It’s clear that our brains aren’t the logical problem-solvers we’d like to be. The evidence on our different thinking systems makes clear that we use intuition when we can, and hard thinking when we must. Except that we use intuition even when we shouldn’t, and hard thinking is very susceptible to problems. Yet we need to have reliably good outcomes to solving problems or accomplishing tasks. What can we do?
The answer, of course, is to use technology to fill in the gaps, when we can. We can automate it if we totally understand it, but the best solution is to let technology (and design) do what it can, and let our brains fill in what we do best. So, when there’s a problem or task that needs to be accomplished, and it requires some decision making, we should be doing several things.
To start, we should be looking at the scope of possible situations, and determine what’s required. We should then figure out what information can be in the world (whether a resource or in other’s heads), and what has to be in the performer’s repertoire. We want to design a solution system, not just a course.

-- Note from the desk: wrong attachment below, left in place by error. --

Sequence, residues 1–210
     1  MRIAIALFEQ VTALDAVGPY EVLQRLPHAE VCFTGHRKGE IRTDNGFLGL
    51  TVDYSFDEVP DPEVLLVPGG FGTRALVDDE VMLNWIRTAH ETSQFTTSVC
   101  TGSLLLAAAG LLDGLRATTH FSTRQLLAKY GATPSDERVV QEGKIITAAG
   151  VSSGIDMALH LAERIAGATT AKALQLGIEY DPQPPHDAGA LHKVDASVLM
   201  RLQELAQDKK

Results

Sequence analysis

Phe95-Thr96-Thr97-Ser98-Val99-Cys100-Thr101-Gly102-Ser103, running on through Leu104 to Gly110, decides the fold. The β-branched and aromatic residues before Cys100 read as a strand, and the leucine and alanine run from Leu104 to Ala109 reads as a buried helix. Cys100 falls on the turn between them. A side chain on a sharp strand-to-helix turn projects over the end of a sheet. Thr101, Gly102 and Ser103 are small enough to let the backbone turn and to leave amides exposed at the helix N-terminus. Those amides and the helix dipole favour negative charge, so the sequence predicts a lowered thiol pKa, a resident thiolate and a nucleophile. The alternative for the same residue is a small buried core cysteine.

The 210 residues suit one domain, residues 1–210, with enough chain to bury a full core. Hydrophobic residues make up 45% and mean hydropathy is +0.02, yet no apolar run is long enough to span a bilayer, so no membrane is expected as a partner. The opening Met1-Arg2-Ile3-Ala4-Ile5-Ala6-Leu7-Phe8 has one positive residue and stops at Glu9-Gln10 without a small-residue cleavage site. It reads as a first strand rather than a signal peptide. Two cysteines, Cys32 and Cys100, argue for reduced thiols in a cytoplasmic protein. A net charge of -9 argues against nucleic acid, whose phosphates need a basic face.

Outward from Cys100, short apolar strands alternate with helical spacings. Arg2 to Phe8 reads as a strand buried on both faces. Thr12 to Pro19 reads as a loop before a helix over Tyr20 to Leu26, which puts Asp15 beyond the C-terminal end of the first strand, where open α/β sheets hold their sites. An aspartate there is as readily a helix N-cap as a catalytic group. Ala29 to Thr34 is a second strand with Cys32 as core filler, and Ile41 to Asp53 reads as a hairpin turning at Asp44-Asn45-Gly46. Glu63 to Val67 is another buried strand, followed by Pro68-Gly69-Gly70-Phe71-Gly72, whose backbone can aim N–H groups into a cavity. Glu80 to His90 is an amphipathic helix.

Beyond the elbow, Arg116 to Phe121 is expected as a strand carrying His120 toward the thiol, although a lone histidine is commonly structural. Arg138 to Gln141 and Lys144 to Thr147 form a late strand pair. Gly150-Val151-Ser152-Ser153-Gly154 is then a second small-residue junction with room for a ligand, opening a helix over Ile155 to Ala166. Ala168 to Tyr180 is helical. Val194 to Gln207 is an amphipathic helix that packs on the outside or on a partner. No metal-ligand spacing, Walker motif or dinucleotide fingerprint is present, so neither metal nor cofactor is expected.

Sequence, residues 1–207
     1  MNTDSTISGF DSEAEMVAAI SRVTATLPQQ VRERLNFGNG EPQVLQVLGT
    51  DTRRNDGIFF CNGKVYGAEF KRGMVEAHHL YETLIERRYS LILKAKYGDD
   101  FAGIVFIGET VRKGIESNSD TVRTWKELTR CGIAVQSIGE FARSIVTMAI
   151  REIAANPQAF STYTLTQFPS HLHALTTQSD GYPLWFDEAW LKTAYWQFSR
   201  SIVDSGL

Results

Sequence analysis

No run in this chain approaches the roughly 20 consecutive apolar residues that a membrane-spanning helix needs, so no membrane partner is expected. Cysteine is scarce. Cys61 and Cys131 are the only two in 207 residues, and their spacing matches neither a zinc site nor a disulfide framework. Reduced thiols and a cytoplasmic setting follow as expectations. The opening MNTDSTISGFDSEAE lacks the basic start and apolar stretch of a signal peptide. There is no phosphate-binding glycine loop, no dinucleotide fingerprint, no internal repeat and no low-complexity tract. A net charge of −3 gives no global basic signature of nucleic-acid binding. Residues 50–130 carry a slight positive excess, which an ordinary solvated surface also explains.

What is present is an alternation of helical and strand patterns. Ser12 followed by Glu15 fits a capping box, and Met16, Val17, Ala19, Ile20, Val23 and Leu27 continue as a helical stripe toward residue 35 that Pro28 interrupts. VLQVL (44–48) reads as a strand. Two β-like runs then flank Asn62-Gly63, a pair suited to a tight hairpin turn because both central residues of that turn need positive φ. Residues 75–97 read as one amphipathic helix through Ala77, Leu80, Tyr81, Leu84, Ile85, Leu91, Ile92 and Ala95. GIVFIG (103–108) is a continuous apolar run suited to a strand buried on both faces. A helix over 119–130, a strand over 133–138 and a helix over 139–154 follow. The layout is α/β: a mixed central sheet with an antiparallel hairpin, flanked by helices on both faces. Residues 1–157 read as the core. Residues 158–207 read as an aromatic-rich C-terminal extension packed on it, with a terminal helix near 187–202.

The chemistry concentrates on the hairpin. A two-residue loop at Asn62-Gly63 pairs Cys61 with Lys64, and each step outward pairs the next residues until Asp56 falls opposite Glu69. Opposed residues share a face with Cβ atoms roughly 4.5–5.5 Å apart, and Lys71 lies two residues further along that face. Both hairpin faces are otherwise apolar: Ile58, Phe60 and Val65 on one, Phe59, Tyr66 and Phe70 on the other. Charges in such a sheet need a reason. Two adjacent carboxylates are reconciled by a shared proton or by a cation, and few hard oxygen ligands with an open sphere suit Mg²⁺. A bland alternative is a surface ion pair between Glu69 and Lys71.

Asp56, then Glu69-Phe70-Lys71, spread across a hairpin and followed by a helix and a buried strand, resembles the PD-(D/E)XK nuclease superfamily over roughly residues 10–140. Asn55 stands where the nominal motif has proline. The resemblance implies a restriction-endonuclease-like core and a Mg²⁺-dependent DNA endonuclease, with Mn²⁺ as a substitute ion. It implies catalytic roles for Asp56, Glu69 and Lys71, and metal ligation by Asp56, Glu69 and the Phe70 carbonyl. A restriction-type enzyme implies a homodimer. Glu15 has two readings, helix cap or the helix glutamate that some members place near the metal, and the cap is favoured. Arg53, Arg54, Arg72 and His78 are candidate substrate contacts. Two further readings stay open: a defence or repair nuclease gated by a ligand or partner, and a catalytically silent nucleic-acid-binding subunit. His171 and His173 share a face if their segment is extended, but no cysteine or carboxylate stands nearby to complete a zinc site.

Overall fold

Recognize that getting things into human heads reliably is problematic at best. It takes considerable work to develop that expert intuition: considerable practice at least. So the preference should be to design either a really good support system that helps in characterization of the problem, and a dialog that helps determine what of the possible solutions matches up with the situation.
It can just be information in the world, such as a job aid or checklist, or an interactive decision support tool. Or, it could be a social network of resources such as tools and videos created by others that’s usefully searchable and the ability to ask questions of the community and get responses. It’s likely a probabilistic decision here: what is the likelihood that the network has the answer, versus what’s the possibility that we can design support that will cover the range of problems to be faced?
The point is that support design is a necessary and very viable component of performance solutions, and one that isn’t being used enough. I’m looking forward to the upcoming eLearning Guild’s Performance Support Symposium in Boston as a way to learn more, and hope to see you there!